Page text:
One of my earliest memories is of the 1926 General Strike and the difficulties my Father, Harry Martin, had in getting his flour supply There was no transport to bring the flour from the railway depot. Father was manager of the small bakery on the corner of Peel Street in Willenhall.
was born in Birmingham on 13th August 1918 - three months
before the end of the Great War.
She spent her childhood at 5 Cuckoo Road, Neachells.
She moved to the Black Country in the 1920, to live at 53 Wolverhampton Street, Willenhall.
During the strike we had only gas light, and that used to waver or splutter out. The supply became more and more haphazard.
There was no newsprint for a time and the "Express and Star" took to publishing a small, single sheet paper to tell us about how the strike was effecting the Black Country.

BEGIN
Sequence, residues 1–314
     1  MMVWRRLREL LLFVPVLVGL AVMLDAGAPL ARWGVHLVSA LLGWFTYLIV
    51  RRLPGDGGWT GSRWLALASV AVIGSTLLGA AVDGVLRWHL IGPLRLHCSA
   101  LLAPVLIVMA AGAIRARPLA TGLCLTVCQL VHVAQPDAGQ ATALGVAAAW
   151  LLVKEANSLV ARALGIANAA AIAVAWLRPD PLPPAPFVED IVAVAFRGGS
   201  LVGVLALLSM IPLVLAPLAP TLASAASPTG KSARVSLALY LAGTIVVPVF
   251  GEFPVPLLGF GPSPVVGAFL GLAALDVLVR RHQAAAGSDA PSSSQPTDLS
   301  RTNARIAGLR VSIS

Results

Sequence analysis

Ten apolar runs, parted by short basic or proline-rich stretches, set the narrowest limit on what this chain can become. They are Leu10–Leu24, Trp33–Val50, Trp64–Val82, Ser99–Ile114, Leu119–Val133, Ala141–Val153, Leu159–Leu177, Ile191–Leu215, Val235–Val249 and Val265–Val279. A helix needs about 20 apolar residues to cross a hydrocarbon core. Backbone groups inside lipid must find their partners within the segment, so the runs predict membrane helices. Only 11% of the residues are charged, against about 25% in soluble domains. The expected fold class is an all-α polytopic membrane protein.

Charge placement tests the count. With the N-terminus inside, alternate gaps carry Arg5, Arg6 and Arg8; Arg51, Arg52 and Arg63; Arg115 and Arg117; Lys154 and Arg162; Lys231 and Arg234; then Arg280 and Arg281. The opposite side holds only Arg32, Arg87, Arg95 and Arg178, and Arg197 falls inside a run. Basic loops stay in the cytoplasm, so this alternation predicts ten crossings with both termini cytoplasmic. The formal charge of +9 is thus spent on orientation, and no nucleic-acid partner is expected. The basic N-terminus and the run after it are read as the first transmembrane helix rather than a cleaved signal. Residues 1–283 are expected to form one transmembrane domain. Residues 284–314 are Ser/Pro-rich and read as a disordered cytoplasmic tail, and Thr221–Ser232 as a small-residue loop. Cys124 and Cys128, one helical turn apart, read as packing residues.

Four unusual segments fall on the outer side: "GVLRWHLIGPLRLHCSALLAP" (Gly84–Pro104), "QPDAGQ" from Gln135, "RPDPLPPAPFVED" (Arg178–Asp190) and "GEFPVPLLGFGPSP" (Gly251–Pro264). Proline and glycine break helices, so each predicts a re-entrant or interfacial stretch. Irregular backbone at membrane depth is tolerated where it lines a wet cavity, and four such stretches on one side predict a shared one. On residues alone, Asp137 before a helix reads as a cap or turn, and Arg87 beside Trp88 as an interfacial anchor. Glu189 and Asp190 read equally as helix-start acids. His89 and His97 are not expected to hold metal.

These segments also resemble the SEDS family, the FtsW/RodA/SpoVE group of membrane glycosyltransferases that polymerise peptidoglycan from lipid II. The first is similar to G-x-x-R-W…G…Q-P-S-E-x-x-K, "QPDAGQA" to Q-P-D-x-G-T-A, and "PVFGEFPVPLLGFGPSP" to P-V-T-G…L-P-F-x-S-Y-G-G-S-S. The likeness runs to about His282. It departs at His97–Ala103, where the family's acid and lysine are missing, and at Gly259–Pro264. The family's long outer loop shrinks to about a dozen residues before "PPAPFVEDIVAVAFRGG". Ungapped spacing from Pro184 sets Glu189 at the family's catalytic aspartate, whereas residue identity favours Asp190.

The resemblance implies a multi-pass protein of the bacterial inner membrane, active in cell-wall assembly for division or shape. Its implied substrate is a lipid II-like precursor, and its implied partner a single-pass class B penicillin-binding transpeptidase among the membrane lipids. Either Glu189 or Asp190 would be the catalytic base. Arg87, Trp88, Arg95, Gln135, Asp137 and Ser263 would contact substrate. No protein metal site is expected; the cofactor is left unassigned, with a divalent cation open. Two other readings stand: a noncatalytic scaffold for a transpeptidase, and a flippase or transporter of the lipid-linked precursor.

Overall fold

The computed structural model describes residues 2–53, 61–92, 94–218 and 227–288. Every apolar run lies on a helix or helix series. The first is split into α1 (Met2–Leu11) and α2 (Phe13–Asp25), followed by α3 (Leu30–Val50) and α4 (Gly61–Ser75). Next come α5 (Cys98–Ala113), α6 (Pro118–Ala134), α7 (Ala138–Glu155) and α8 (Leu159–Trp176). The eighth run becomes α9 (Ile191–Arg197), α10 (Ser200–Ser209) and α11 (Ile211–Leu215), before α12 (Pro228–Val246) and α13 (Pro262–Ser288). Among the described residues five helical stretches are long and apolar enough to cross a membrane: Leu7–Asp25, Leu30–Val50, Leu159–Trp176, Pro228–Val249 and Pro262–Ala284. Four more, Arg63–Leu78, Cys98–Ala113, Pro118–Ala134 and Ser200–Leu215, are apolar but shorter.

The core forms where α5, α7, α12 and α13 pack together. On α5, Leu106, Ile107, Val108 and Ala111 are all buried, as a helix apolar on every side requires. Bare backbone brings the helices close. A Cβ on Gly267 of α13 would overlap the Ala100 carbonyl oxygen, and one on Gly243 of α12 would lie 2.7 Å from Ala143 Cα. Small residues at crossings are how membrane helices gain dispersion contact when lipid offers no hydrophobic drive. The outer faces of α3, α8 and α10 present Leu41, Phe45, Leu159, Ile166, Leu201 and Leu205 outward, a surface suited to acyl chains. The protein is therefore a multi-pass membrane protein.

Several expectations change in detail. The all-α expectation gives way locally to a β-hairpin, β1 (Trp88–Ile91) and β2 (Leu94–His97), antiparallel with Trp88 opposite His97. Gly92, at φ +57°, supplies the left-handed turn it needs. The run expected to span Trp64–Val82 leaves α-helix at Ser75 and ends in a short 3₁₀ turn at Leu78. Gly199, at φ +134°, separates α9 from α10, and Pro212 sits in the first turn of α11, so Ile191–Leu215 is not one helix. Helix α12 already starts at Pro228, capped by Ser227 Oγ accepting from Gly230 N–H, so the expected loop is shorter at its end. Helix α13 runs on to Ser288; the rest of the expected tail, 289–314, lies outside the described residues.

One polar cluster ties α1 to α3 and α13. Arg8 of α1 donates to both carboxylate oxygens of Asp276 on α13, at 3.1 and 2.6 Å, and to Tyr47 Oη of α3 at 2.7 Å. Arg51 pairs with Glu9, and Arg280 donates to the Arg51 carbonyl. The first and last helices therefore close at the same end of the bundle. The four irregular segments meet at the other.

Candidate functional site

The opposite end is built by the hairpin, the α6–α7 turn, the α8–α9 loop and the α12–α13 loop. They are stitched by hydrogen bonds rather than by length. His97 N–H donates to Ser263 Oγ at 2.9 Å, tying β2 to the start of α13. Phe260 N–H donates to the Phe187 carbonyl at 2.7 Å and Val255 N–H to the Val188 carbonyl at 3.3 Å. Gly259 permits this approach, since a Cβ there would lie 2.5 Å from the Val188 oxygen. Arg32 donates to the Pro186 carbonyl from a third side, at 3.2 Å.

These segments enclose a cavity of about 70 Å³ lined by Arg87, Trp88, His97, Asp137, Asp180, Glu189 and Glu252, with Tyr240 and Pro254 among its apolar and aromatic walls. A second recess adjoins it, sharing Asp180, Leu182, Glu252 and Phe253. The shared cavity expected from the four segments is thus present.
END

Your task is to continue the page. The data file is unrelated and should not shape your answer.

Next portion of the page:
At the time of the dispute my Mother, Gladys Martin, would often say how shocking it was to see men standing in groups on the street corners. Many of them had soft white hands from lack of work. It was sad to see ex-servicemen just sweeping the streets, still wearing their army spats around their feet.
Lots of the unemployed men and many of the ones in poorly paid temporary work had war wounds. My Father, like many of these ex-servicemen, had been badly wounded during the Battle of the Somme in 1916. He was still having shrapnel removed from his body almost thirty years after. He died of cancer in 1947.